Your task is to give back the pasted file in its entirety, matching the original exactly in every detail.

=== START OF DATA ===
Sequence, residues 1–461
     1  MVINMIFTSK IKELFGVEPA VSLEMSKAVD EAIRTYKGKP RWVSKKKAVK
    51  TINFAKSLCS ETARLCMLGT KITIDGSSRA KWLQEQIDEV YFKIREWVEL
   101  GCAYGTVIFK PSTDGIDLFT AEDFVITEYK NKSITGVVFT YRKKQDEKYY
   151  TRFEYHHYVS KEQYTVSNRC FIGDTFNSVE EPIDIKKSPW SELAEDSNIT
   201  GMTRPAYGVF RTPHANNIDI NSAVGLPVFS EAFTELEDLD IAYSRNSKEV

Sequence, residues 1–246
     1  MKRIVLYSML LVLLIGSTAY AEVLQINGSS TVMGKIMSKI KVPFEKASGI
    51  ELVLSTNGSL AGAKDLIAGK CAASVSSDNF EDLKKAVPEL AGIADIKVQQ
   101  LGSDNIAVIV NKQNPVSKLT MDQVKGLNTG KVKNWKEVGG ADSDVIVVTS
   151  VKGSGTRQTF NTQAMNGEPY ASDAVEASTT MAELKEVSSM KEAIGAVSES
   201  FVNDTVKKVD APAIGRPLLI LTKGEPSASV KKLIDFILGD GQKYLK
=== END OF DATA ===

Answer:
Sequence, residues 1–461
     1  MVINMIFTSK IKELFGVEPA VSLEMSKAVD EAIRTYKGKP RWVSKKKAVK
    51  TINFAKSLCS ETARLCMLGT KITIDGSSRA KWLQEQIDEV YFKIREWVEL
   101  GCAYGTVIFK PSTDGIDLFT AEDFVITEYK NKSITGVVFT YRKKQDEKYY
   151  TRFEYHHYVS KEQYTVSNRC FIGDTFNSVE EPIDIKKSPW SELAEDSNIT
   201  GMTRPAYGVF RTPHANNIDI NSAVGLPVFS EAFTELEDLD IAYSRNSKEV

Sequence, residues 1–246
     1  MKRIVLYSML LVLLIGSTAY AEVLQINGSS TVMGKIMSKI KVPFEKASGI
    51  ELVLSTNGSL AGAKDLIAGK CAASVSSDNF EDLKKAVPEL AGIADIKVQQ
   101  LGSDNIAVIV NKQNPVSKLT MDQVKGLNTG KVKNWKEVGG ADSDVIVVTS
   151  VKGSGTRQTF NTQAMNGEPY ASDAVEASTT MAELKEVSSM KEAIGAVSES
   201  FVNDTVKKVD APAIGRPLLI LTKGEPSASV KKLIDFILGD GQKYLK